Nonfiction > Ralph Waldo Emerson > The Complete Works
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CONTENTS · BIBLIOGRAPHIC RECORD
Ralph Waldo Emerson (1803–1882).  The Complete Works.  1904.
Vol. V. English Traits
 
XI. Aristocracy
 
THE FEUDAL character of the English state, now that it is getting obsolete, glares a little, in contrast with the democratic tendencies. The inequality of power and property shocks republican nerves. Palaces, halls, villas, walled parks, all over England, rival the splendor of royal seats. Many of the halls, like Haddon or Kedleston, are beautiful desolations. The proprietor never saw them, or never lived in them. Primogeniture built these sumptuous piles, and I suppose it is the sentiment of every traveller, as it was mine, It was well to come ere these were gone. Primogeniture is a cardinal rule of English property and institutions. Laws, customs, manners, the very persons and faces, affirm it.  1
  The frame of society is aristocratic, the taste of the people is loyal. The estates, names and manners of the nobles flatter the fancy of the people and conciliate the necessary support. In spite of broken faith, stolen charters and the devastation of society by the profligacy of the court, we take sides as we read for the loyal England and King Charles’s “return to his right” with his Cavaliers,—knowing what a heartless trifler he is, and what a crew of God-forsaken robbers they are. The people of England knew as much. But the fair idea of a settled government connecting itself with heraldic names, with the written and oral history of Europe, and, at last, with the Hebrew religion and the oldest traditions of the world, was too pleasing a vision to be shattered by a few offensive realities and the politics of shoe-makers and costermongers. 1 The hopes of the commoners take the same direction with the interest of the patricians. Every man who becomes rich buys land and does what he can to fortify the nobility, into which he hopes to rise. The Anglican clergy are identified with the aristocracy. Time and law have made the joining and moulding perfect in every part. The Cathedrals, the Universities, the national music, the popular romances, conspire to uphold the heraldry which the current politics of the day are sapping. 2 The taste of the people is conservative. They are proud of the castles, and of the language and symbol of chivalry. Even the word lord is the luckiest style that is used in any language to designate a patrician. The superior education and manners of the nobles recommend them to the country.  2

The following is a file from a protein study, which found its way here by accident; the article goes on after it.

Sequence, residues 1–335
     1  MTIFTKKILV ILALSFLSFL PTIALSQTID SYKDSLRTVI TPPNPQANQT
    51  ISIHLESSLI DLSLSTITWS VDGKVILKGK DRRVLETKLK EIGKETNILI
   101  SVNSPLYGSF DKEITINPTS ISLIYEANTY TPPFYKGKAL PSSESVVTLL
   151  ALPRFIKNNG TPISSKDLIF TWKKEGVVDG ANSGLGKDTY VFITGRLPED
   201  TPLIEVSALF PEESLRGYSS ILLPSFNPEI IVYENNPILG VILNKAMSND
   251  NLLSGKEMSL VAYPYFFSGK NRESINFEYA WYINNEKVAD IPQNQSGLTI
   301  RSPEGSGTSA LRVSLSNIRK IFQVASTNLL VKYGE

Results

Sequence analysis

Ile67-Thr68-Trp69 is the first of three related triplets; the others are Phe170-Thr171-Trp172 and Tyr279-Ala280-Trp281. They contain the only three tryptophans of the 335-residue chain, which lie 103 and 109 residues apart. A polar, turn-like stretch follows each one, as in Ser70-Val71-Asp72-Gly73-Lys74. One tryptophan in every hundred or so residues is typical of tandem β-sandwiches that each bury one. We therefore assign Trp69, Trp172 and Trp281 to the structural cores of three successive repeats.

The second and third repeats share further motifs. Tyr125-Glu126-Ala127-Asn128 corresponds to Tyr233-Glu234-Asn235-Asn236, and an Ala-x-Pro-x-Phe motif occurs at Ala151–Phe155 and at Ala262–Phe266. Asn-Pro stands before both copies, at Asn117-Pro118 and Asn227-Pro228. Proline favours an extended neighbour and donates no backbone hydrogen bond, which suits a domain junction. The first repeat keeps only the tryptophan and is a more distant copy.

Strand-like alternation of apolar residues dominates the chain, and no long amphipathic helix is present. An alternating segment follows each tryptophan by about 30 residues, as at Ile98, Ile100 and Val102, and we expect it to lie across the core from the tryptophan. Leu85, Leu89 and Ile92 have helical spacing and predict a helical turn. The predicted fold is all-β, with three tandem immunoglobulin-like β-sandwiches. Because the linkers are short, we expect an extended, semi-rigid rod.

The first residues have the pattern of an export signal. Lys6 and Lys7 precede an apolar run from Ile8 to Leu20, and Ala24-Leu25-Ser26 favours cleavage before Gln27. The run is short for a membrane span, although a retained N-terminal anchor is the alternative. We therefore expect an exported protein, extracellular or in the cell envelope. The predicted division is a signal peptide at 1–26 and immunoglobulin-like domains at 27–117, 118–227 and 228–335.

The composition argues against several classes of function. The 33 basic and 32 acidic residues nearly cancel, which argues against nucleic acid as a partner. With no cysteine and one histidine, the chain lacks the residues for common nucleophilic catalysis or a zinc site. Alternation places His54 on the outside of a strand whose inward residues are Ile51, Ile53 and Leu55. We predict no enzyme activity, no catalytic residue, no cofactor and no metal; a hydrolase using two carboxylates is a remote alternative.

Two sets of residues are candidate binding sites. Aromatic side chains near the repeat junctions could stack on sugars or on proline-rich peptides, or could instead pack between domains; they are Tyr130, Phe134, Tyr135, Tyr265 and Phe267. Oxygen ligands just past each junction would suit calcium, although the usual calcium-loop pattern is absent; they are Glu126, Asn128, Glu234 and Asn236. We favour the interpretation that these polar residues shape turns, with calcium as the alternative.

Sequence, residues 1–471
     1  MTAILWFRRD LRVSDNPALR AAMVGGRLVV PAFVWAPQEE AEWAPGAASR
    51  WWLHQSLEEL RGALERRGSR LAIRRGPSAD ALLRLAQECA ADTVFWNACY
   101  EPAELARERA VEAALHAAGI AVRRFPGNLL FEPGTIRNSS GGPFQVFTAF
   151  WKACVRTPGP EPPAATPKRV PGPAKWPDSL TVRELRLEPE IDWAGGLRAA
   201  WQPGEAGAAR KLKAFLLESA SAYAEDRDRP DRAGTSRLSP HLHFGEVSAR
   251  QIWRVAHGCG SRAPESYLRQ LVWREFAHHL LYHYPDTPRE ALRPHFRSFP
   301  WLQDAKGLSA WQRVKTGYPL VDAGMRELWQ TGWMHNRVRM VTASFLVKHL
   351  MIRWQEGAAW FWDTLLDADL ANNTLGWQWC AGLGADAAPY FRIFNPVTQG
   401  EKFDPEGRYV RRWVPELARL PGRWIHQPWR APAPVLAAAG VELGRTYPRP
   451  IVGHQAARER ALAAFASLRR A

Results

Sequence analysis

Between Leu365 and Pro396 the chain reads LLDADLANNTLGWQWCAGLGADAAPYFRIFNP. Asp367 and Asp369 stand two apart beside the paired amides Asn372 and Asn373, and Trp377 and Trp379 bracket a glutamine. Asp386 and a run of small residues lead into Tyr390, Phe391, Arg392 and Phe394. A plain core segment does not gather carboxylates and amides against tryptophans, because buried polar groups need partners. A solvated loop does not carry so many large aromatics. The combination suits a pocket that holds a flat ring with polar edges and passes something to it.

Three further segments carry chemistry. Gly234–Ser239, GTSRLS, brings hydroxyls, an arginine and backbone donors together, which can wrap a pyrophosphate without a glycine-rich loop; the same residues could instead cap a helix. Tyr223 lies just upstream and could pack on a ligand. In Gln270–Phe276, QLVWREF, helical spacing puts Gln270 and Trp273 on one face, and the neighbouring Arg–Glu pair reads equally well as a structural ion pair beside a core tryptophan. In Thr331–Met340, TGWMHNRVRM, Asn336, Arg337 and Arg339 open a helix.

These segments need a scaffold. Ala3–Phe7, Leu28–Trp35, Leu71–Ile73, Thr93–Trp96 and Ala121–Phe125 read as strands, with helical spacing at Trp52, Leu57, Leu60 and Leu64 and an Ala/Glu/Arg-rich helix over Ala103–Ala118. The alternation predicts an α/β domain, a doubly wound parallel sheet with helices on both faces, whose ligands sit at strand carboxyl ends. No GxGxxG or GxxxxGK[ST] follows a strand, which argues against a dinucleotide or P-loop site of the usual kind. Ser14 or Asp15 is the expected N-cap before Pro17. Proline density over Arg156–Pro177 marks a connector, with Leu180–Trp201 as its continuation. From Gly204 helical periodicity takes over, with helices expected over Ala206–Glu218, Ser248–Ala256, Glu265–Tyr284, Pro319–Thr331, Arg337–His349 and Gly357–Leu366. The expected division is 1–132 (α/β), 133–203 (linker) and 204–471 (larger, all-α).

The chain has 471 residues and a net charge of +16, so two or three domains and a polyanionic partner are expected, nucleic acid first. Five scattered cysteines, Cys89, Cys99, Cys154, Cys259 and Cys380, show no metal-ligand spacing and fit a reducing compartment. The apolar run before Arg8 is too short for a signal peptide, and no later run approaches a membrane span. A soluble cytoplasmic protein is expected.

The Norwegian pirate got what he could and held it for his eldest son. The Norman noble, who was the Norwegian pirate baptized, did likewise. There was this advantage of Western over Oriental nobility, that this was recruited from below. English history is aristocracy with the doors open. Who has courage and faculty, let him come in. Of course the terms of admission to this club are hard and high. The selfishness of the nobles comes in aid of the interest of the nation to require signal merit. Piracy and war gave place to trade, politics and letters; the war-lord to the law-lord; the law-lord to the merchant and the mill-owner; but the privilege was kept, whilst the means of obtaining it were changed.  3
  The foundations of these families lie deep in Norwegian exploits by sea and Saxon sturdiness on land. All nobility in its beginnings was somebody’s natural superiority. The things these English have done were not done without peril of life, nor without wisdom and conduct; and the first hands, it may be presumed, were often challenged to show their right to their honors, or yield them to better men. “He that will be a head, let him be a bridge,” said the Welsh chief Benegridran, when he carried all his men over the river on his back. “He shall have the book,” said the mother of Alfred, “who can read it;” and Alfred won it by that title: and I make no doubt that feudal tenure was no sinecure, but baron, knight and tenant often had their memories refreshed, in regard to the service by which they held their lands. The De Veres, Bohuns, Mowbrays and Plantagenets were not addicted to contemplation. The Middle Age adorned itself with proofs of manhood and devotion. Of Richard Beauchamp, Earl of Warwick, the Emperor told Henry V. that no Christian king had such another knight for wisdom, nurture and manhood, and caused him to be named, “Father of curtesie.” “Our success in France,” says the historian, “lived and died with him.” 3  4
  The war-lord earned his honors, and no donation of land was large, as long as it brought the duty of protecting it, hour by hour, against a terrible enemy. In France and in England, the nobles were, down to a late day, born and bred to war: and the duel, which in peace still held them to the risks of war, diminished the envy that in trading and studious nations would else have pried into their title. They were looked on as men who played high for a great stake.  5